This is the big one. Even professional reviewers fall into this trap. For my reviews, I write a brisk, one-paragraph plot synopsis, because that’s all that we need. If the person reading the review has not seen the movie, they want a brief overview of what to expect, rather than being spoiled by information of a film’s three acts. If the reader has seen the movie, your four paragraphs of plot synopsis are nothing but redundant reiteration to someone who doesn’t care. We do not care about how well you can provide a film synopsis; we want you to get into the analysis. And if the person reading the critique has seen it but cannot remember it, a brisk synopsis is all they need to jog their memory.

Some critics actually forgo plot outlines altogether, using only one or two sentences to establish the general gist of the movie. There is nothing wrong with this.

5) Either too sophisticated or too colloquial

This is a very tough one. A reviewer has to state their case in an engaging, sophisticated manner, but not to the extent that they alienate the readers, leading them to wonder what the hell you are saying. Likewise, if you’re too colloquial, you sound like a churlish idiot.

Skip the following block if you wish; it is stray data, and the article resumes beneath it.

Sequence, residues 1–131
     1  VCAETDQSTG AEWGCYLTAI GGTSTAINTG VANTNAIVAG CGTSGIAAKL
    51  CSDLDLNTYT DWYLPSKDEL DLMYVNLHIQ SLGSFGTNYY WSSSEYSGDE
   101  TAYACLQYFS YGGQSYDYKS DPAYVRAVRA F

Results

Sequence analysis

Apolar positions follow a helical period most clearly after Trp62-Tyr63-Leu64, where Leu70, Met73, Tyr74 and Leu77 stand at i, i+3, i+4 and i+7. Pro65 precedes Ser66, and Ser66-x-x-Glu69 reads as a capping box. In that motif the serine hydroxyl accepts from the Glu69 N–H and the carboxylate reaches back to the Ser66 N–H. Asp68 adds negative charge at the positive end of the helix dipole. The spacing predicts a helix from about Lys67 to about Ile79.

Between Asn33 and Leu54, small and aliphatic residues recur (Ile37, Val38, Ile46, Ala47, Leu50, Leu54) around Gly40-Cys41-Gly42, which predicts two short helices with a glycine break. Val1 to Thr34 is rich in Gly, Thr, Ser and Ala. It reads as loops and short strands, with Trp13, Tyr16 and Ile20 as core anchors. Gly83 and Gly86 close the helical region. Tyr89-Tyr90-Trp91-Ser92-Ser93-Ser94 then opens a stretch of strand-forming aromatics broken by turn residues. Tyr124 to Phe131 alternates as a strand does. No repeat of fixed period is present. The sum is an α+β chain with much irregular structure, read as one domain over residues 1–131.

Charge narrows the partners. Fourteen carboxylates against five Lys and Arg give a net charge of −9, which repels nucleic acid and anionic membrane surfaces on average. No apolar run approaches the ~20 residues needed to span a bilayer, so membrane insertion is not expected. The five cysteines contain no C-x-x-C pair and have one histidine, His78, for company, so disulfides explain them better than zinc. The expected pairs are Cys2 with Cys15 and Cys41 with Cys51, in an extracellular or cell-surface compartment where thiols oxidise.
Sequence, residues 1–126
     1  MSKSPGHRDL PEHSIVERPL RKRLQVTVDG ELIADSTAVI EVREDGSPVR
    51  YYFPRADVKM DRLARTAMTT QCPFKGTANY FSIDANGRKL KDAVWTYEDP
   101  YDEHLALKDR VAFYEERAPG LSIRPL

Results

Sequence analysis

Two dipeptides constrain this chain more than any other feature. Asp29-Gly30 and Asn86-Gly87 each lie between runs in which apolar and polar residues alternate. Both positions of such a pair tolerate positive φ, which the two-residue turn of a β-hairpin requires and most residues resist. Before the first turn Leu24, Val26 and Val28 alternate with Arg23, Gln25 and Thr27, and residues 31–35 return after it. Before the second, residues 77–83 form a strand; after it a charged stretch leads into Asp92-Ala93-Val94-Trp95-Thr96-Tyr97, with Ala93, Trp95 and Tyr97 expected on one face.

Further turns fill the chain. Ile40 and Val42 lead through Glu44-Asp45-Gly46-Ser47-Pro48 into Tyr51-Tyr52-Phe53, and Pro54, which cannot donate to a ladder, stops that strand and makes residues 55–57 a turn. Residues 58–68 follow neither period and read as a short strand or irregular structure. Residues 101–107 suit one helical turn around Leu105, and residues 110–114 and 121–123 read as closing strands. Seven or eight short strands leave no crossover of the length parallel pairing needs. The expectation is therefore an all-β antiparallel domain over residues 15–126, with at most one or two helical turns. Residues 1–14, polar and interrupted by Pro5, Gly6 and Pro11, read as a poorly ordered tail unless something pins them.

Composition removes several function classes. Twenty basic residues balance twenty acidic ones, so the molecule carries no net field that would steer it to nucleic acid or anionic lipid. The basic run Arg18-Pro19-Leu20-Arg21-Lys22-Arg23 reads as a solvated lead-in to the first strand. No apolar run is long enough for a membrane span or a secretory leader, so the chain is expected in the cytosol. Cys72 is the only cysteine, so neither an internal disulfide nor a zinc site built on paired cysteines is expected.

The big rule I find for the latter point is that one should avoid using first-person tense as much as possible. I’m not saying you should never use it; I’m simply saying that you should only do it when your writing actually calls for it. Most of the time, I actually refer to myself in the third person in my reviews, using the phrase “this reviewer” as opposed to “I” or “me.”

Wrapping up…

Amateur reviews may read this and find that their writing applies to a number of, or even all of the above. Likewise, I’ve seen professionals fall victim to a few of these pitfalls. I’m not out to start a flame-war with you guys, I’m simply telling you that, from my perspective, there are things to keep in mind which can improve your critiques and stand out from the crowd. I don’t pretend to be the best reviewer in the world, but, since I started avoiding these pratfalls, I’ve developed more readers and I am now a reviewer for an entertainment website. I’ve been quoted on Blu-rays, too.